06 January 2007

The Many Foes of Spider-Man - Man-Wolf

Don't call him a wolf-man, he's Man-Wolf

John Jameson is the son of J. Jonah Jameson, publisher of the Daily Bugle. Initially an astronaut, he was first seen being saved by Spider-Man when his craft malfunctioned on re-entry, something that did nothing to endear the wall-crawler to his father.

On a later mission, Jameson was infected with a virus that gave him super-strength, but strained his body and mind. He was forced to wear a strength-restraining "Jupiter suit" and battled Spider-Man at his father's urging before recovering.

Still later, Jameson became possessed by an other-dimensional ruby which he found on the moon. The jewel transformed him into the lycanthropic Man-Wolf, and he fought Spider-Man in this beastial form. The ruby was removed by Spider-Man.

The ruby was later reattached onto John by Morbius the Living Vampire who used Man-Wolf as a pawn so Morbius can find a cure for himself...which is thwarted by Spider-Man.

Later, he was transported to the Other Realm, from which the ruby originated. It was revealed that the ruby was created by the dying Stargod to pass on his powers. While on earth Jameson could only partially transform, resulting his berserk behavior. While in the Other Realm he could fully transform, resulting in him retaining his human consciousness while in lupine form. He took up the mantle of Stargod, and gained new powers such as telepathy and energy manipulation. He fought his foes with a shortsword, dagger, and longbow in this incarnation. He later opted to return to earth, resulting him losing the ability to fully transform, and the loss of all memories of being the Stargod. He later allowed himself to be subjected to a procedure that removed the ruby, restoring normalcy for some time. Despite this, he remains friends with Spider-Man and often tries to convince his father to "let up on him."

Villain Profiles:

the Beetle
Black Cat
the Chameleon
Doctor Octopus
the Green Goblin
J. Jonah Jameson
Jack O' Lantern
the Kingpin
Kraven the Hunter
the Lizard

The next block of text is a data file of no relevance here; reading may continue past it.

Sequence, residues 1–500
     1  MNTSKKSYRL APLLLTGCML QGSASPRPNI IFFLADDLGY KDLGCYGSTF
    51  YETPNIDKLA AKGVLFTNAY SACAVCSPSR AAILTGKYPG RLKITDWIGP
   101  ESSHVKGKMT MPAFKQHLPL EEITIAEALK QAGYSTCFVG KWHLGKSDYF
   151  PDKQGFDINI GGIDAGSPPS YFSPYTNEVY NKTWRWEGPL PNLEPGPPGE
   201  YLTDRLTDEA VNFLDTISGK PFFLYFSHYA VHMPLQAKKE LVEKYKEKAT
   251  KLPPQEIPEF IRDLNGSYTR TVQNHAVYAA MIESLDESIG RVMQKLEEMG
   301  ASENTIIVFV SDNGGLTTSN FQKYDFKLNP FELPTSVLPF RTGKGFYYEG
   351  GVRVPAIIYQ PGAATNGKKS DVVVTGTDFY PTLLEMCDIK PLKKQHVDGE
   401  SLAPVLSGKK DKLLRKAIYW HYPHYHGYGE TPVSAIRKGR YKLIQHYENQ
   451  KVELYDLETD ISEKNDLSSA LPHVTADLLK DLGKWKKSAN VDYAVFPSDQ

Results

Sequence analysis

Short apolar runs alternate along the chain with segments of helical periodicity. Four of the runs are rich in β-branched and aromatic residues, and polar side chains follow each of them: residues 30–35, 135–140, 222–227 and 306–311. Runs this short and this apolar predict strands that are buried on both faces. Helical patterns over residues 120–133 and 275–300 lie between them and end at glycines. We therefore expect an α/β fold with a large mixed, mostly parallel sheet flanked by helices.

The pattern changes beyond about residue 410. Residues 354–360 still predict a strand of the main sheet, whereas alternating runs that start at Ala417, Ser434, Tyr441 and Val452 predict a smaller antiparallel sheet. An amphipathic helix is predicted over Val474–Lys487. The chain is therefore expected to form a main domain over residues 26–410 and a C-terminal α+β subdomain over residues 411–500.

Spider-Man 3 debuts in 118 days!

05 January 2007

Next Up From Miyazaki - I Lost My Little Boy

According to Animation Magazine, Hayao Miyazaki's next project will be based on a Chinese book titled I Lost My Little Boy (Wo Diushile Wode Xiaonanhai). The book is about the amazing adventures of a young boy with heart disease.

I really don't know what to say. After Princess Mononoke, Spirited Away, and Howl's Moving Castle, this is a bit of a letdown, but maybe if I knew more about this "little boy" book, I would be more excited. After all, a one sentence description of Spirited Away (a girls adventures in a bathhouse for spirits) sounds sorta lame too.

Miyazaki 3 Pack (Spirited Away/Castle in the Sky/Kiki's Delivery Service)

Howl's Moving Castle

Princess Mononoke

Superheroes on Screen - Retrospective 1999

Its time to party like its 1999.


'99 wasn't a very prolific year in the arena of superhero films. The solo entry was the Ben Stiller comedy Mystery Men. The studio took a hit on this one, earning back only $30 million of the $68 million budget. Its a real shame too because Mystery Men is a funny show. In the film, a rag tag group of friends form a super team to battle the evil and hilarious Casanova Frankenstein when the city's superhero (endorsed by Pepsi) goes missing. Ben Stiller plays Mr. Furious, his power is that he gets furious. Hank Azaria aka Moe from the Simpsons plays The Blue Raja. He doesn't wear blue, but he throws forks. My personal favorite, The Shoveler, played by William H Macy basically just "shovels very well" and fights with a shovel. These three are joined by Janeane Garofalo' Bowler, Paul Reubens as The Spleen, and Kel Mitchel as the Invisible Boy (who can only turn invisible when no one is watching). It is silly, but also very funny. Its a shame it didn't do better, especially in a year so devoid of superheroe films.

A couple of animated TV shows also got their start in '99. The first was Batman Beyond. The show is set 40 years in the future with a new young Batman taking over after Bruce Wayne has retired. The show could have been terrible with too much emphasis on a "teen Batman" but truthfully this show was dark and stylistic. Also, the show really earned the viewers respect by growing Terry McGinnis into his role as Batman. By the sries end, he wasn't a Batman imposter, he was Batman. This series was a semi-sequel to Batman: The Animated Series, and some of old Batsy's enemies reared their ugly heads in this new series including Mr Freeze, and the Joker. The future Justice League also made a showing featuring an old, but spry Superman. This show ran 3 seasons and didn't get a fitting finale until the second season episode of Justice League Unlimited titled Epilogue. In that episode, it was revealed that Terry McGinnis was actually... sorry, its too good to spoil here.